Oh hey, look at that, I didn't unmount my USB before doing the "dd proxmox.iso -> usb" command. Proxmox USB install instructions don't say you need to but I'll try that because I think you do. Can someone comment on that please. Proxmox install hangs on GRUB still.

16.04.02 LTS desktop version installs fine, hangs on reboot. The lights are blinking across like progress but there's a cursor blinking through the splash screen. I make dinner. Still hung. Maybe a kernel panic, maybe an alien...doesn't matter. I'm looking for progress and move on. I tell myself it doesn't really matter because I need newer kernel anyways.


Pop in 17.04 and go to install, Ubuntu install menu, I choose install Ubuntu, get ACPI error on boot about being unable to access region.

Ubuntu loads...16.04. Okay...

First things first, NVidia drivers to get the multi-monitor thing going. I have yet to figure out the magic to .run files. They hang all the time. I’m under the impression I’m supposed chmod the thing to turn into an .exe style. I’m not a big fan creating an executable under root. Oh, here's a PPA for NVidia, thank goodness.

sudo add-apt-repository ppa:graphics-drivers/ppa

I’m guessing because they are proprietary that they’ll likely always be untrusted and under development. Fine by me.

Okay, now we have triple monitors going, my neck and back are thankful.

It turns out that the NVidia, CUDA 381.* drivers have Vulkan support for the first time. Vulkan is the successor to Mantle and has a lot of support from Google, NVidia, and AMD. I find this interesting though I don't think there is currently anything I can do with the information. I have read that the nouveau (XORG) display drivers on 17.04 are not up-to-date for NVidia 1080ti, so I’m glad I took the LTS to 16.04 to 16.10 route. In retrospect that’s an old lesson but I was glad I didn’t have to relearn it.


ECC: Curious, I test ECC first. google-fu says I should install edac-util . ( edac-util(1): EDAC error reporting utility - Linux man page ) to check on my ECC. I have many other things I want to do and check but I'll start here.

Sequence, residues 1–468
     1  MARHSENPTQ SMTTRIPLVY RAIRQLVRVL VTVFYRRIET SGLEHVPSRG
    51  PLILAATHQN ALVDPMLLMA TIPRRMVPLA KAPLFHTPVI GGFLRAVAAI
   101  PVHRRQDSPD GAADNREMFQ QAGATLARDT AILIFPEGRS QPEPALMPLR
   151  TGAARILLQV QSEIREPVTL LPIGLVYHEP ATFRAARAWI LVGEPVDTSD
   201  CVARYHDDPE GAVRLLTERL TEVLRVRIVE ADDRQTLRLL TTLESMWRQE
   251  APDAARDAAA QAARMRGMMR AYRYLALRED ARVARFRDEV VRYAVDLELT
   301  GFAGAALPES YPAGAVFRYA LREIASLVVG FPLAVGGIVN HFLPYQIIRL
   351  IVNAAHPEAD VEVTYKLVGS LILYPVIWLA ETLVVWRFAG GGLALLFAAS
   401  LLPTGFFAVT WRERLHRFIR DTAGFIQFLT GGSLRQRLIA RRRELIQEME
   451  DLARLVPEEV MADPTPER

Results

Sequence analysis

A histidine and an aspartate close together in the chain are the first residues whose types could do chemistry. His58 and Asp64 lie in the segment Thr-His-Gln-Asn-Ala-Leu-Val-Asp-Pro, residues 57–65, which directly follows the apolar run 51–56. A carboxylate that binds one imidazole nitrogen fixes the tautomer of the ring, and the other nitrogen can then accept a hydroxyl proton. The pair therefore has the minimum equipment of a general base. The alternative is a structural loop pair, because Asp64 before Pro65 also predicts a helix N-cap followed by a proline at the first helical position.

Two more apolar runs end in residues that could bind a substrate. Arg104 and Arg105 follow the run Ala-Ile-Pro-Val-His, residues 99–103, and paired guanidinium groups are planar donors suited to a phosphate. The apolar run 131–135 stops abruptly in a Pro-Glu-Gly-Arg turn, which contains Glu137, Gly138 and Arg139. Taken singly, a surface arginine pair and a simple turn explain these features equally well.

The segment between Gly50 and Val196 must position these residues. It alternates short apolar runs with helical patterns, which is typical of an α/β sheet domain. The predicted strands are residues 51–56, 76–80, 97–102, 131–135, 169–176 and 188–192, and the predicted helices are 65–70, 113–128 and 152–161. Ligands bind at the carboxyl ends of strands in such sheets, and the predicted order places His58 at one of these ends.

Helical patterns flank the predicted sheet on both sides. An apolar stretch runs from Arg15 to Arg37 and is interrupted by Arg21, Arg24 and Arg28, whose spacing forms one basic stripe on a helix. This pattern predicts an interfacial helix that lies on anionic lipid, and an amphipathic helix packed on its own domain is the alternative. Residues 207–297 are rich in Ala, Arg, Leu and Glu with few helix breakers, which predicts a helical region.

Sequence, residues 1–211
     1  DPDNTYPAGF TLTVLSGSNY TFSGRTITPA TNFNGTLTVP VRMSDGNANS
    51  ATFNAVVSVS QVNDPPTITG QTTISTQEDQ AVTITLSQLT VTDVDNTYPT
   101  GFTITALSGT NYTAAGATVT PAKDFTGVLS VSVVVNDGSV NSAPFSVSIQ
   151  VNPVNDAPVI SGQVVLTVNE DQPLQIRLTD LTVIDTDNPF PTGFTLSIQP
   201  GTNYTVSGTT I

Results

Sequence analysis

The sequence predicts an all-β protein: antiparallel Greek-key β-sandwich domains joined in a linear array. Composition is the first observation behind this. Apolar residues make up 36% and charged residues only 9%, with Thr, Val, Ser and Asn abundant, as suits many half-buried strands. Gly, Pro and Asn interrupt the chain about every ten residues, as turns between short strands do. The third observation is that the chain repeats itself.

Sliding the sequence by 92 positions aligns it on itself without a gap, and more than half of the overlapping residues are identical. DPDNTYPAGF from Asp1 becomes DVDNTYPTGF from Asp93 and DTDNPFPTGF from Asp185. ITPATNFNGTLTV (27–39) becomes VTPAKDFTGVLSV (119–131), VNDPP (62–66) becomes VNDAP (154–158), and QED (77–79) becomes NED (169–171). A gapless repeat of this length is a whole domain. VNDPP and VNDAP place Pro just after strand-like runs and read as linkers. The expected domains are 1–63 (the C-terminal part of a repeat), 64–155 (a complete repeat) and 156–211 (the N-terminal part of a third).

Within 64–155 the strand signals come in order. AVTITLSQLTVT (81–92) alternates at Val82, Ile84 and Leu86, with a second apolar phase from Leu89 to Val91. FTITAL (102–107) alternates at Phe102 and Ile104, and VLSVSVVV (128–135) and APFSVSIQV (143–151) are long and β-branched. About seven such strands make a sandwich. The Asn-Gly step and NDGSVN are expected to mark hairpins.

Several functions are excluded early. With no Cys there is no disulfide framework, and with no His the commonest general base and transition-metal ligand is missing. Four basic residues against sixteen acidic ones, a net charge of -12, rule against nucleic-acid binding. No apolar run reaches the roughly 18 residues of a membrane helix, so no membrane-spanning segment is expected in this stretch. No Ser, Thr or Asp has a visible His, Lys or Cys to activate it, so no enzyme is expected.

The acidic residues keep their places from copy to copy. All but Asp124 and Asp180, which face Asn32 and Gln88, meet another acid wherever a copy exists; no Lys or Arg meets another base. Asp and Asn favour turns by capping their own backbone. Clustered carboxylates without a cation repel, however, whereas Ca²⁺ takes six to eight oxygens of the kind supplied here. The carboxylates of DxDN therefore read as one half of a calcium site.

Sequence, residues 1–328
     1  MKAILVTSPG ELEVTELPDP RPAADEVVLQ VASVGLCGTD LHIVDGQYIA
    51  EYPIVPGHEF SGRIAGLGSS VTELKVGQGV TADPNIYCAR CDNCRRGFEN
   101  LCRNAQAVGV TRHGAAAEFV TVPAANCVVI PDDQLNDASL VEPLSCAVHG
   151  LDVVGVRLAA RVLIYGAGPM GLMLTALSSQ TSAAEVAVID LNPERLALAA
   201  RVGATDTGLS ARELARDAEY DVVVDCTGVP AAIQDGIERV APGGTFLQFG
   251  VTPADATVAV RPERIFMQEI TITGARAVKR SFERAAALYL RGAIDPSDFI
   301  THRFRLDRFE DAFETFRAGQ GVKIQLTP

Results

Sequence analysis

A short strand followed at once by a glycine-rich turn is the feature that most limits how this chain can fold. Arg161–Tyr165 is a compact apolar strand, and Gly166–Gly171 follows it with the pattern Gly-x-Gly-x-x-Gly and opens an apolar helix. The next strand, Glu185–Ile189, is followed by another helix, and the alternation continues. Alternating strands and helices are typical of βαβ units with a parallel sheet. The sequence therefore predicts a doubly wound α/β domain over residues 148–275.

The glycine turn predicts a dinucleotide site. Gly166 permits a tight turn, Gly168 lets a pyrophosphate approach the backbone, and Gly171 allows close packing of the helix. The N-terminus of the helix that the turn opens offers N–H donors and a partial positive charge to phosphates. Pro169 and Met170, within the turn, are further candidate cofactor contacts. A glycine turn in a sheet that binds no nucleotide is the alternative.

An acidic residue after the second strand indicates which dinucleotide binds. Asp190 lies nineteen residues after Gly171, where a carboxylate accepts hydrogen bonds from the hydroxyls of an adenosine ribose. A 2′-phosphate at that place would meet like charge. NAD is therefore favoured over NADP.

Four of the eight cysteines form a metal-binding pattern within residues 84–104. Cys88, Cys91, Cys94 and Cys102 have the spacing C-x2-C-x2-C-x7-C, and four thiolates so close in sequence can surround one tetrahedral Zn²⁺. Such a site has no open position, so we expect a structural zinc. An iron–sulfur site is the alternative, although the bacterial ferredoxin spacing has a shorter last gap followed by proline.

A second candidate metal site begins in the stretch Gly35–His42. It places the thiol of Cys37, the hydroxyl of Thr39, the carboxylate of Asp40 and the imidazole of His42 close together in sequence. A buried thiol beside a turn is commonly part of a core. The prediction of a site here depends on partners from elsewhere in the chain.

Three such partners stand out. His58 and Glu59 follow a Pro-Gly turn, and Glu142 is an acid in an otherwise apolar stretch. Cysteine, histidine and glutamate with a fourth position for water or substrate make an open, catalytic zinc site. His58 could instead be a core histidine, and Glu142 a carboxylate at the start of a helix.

sudo apt-get install edac-utils

edac-util -s

No EDAC data, can't find the EDAC data in sysfs

Okay, so no EDAC data. sysfs is kernel based. Let's update the kernel and see what happens. Using @Patrick article here I update the kernel from 4.06?? to 4.10.

edac-util -s

MC0: 0 uncorrected errors

MC0: 0 corrected errors

I manually update the Ubuntu to 16.10 to see anything blows up, still the ACPI error, nothing blows up.


I install kvm via (h/t to cyberciti.biz)

$ sudo apt-get install qemu-kvm libvirt-bin virtinst bridge-utils cpu-checker

$ kvm-ok

Returns clear errors about what is and is not working and advises me to enable virtualization in the bios. I enable virtualization in the bios.

$ kvm-ok

Returns clear confirmation that things are installed and will potentially work. I have no .iso available to test. I’ll come back to it...I say.


Progress! Fist bump! Do laundry.


At this point I have an updated kernel, installed graphics drivers, and updated OS with “working” ECC (still needs real testing). I consider clonezilla or other assorted image snapshotting but I’ll likely nuke and pave again.

I play around with a bunch of stuff but nothing worth writing about. I didn’t take great notes and will nuke and pave and do it more cleanly, likely more than one time. While I do want benchmarks and comparative analysis of 16.04LTS vs 16.10 vs 17.04 and also 4.06 vs 4.10 and also virtualized vs bare metal, I’m not too excited to be patient. I tell myself I’ll get back to it.

Benchmarks:My googling says Phoronix test suite. I start with

phoronix-test-suite ?

I get a blinking cursor, I abort.

phoronix-test-suite -h

I get a blink cursor, I abort.

Okay...maybe I’m just being impatient.

phoronix-test-suite ?